“As normal, no parts, no people and poor management,” an engineer explained
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Old 2nd Oct 2023, 10:29
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Originally Posted by dragon man
If Hudson was truly going to change things instead of been Joyce in drag she would terminate both Freehills and Finch.
Don’t forget Oldmeadow Consulting. Sorry for invoking such terrible memories for some but they’re in the thick of it no doubt.
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Old 2nd Oct 2023, 11:16
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Discrepancy sounded quite good on the telly. He was even crediting the crew for saving the A380, not a lone wolf thing. Quite a stripe change.

But could you trust him? On the Board? About as much as Goyder I'd reckon.
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Old 2nd Oct 2023, 21:18
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Discrepancy has the exact same qualities as the outgoing CEO.

Tone deaf, can’t read a room, and genuinely thinks the world revolves around him. Highly inflated sense of self.

Every single decision he ever makes on a board would be to stroke his own ego.

To replace outgoing board members with more of the same would be the final nail.

An airline pilot who compares himself to Neil Armstrong should be put out to pasture and never talked about again.
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Old 3rd Oct 2023, 09:14
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Applying the heat to another sycophant.
Rear Window

Alan Joyce’s fan fiction fantasy

Joe AstonColumnistOct 3, 2023 – 7.30pm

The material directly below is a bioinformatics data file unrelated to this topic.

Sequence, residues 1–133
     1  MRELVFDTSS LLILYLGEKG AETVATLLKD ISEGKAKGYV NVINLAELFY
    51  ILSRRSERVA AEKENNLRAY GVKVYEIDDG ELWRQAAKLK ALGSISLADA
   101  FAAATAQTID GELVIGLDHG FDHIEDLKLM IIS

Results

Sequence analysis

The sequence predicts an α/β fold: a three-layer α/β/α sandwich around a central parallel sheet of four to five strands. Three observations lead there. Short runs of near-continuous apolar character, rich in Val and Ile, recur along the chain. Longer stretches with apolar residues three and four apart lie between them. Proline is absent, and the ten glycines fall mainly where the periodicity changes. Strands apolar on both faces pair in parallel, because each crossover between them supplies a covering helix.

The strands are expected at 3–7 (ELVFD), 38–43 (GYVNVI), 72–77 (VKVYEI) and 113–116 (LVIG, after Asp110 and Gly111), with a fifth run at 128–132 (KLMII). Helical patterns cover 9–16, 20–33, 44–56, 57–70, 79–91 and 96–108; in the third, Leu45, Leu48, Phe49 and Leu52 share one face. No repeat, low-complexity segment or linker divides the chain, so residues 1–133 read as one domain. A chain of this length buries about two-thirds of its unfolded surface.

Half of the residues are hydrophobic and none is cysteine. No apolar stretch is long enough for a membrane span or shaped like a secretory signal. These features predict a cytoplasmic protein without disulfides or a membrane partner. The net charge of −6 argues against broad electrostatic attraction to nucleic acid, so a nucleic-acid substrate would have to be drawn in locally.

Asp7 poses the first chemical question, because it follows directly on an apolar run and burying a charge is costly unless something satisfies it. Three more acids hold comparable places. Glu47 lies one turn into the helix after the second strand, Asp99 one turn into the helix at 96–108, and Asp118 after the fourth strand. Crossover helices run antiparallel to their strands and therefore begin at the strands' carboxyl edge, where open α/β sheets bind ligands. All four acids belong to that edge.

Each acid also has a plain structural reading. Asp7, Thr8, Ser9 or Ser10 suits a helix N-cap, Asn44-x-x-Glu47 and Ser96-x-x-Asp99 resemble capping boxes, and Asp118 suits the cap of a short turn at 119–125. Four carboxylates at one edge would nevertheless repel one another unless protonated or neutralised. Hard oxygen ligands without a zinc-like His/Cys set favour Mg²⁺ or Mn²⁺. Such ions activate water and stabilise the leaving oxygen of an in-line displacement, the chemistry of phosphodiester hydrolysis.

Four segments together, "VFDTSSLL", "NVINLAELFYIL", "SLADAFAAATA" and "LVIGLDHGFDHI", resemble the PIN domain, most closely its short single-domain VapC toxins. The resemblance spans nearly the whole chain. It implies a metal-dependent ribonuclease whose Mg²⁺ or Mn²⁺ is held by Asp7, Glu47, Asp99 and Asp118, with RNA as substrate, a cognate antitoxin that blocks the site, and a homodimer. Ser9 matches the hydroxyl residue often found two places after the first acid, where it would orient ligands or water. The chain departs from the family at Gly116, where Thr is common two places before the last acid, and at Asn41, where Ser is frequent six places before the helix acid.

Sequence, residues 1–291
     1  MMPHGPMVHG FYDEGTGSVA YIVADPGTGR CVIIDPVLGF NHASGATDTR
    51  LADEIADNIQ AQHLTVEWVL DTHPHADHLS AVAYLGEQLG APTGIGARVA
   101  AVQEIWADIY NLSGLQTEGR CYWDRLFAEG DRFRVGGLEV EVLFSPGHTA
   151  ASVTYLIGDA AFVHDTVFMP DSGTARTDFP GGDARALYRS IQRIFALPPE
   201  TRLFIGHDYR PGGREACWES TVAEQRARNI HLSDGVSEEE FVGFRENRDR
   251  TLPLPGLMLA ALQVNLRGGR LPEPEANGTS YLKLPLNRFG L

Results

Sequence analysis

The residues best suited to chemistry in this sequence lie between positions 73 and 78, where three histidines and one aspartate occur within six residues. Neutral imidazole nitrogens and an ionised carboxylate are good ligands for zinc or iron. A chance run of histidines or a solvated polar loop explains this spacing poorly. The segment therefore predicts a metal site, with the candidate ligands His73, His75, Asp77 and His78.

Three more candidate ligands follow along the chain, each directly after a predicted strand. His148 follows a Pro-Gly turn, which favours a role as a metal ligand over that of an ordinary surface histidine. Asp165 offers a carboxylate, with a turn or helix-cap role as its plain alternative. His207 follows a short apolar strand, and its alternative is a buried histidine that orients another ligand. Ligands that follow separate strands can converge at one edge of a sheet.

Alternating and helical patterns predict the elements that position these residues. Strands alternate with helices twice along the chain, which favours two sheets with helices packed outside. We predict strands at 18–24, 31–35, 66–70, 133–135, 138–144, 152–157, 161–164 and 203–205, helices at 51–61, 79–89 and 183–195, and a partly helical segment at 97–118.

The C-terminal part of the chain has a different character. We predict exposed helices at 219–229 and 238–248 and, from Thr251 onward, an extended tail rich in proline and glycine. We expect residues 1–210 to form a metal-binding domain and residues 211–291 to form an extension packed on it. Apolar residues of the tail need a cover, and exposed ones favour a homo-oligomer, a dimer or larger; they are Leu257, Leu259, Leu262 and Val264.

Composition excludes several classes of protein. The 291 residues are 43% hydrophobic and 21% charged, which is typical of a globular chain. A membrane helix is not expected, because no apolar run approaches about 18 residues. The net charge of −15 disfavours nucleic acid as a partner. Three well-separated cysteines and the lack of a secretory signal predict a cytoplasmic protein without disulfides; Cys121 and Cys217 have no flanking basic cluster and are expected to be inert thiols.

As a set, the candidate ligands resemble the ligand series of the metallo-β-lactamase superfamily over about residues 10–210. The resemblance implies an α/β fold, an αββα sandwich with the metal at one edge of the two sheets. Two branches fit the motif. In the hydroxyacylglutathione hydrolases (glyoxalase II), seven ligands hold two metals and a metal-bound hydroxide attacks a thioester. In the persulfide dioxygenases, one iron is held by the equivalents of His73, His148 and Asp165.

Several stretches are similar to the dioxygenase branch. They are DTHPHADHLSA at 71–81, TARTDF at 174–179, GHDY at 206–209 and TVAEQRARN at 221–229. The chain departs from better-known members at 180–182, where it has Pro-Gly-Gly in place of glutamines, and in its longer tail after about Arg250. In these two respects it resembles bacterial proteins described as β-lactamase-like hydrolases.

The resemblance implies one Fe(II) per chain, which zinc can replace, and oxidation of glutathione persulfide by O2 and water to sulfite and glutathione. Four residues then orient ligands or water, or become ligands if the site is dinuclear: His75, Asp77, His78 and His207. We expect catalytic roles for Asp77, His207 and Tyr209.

Alan Joyce’s biographer Peter Harbison has launched himself into the simmering Qantas furore to defend his man – and sell a few books.
Originally slated for Christmas release, Penguin Random House has brought forward the publication of Harbison’s tome, Alan Joyce and Qantas: the Transformation of an Australian Icon, to capitalise on the present public fixation with its subject. Former Qantas chief executive Alan Joyce has left his successor with a difficult path to navigate. Eamon Gallagher There are hordes of dudded Qantas customers in Australia today with fresh and livid travel scars. To go with their PTSD, they’re sitting on multimillion Frequent Flyer point balances and/or irredeemable flight credits – both about as useful as Venezuelan bolívar. They would be hankering for the tell-all account, a therapeutic evisceration of the lying kangaroo. Sadly, this will not be the book for them.
In an extract published in The Weekend Australian on Saturday, Harbison argued that Joyce “transformed Qantas into one of the most successful airline groups in the world”. He added that Joyce was “fairly paid and performed well” and that “in seeking to make the airline bulletproof, Joyce surely couldn’t have done much better”.
This is the salad of myths that Joyce and his Qantas PR machine have quite beautifully perpetuated. Most of them have been swallowed whole by the Australian media, but particularly the fairy story that Qantas under Joyce was extraordinarily financially prosperous. One recent newspaper column even described Joyce as “one of the all-time money-generating machines of the aviation industry”. That really is looking at the world through Alan’s enchanted spectacles.
From the financial years 2009 to 2023 inclusive, which were the 15 full years Joyce ran Qantas, the company generated $9.2 billion of (pre-tax) statutory profits in the good years, but $10.6 billion of statutory losses in the bad years. That’s a total outcome over 15 years of negative $1.4 billion, or an average annual loss of $90 million.
Many would say – and I would agree – that you can’t blame Joyce for the $6.3 billion of statutory COVID losses he presided over. For the consistency of this exercise, then, you also can’t credit him for the record 2023 profit which, by Joyce’s own admission, was achieved by swingeing cost-outs that only COVID allowed him to make.

Stark difference

So let’s take the 11 financial years from 2009 to 2019 inclusive, where Qantas made $6.7 billion of profits but $4.3 billion of losses. That’s a total outcome of $2.4 billion, or $220 million of average annual pre-tax profit.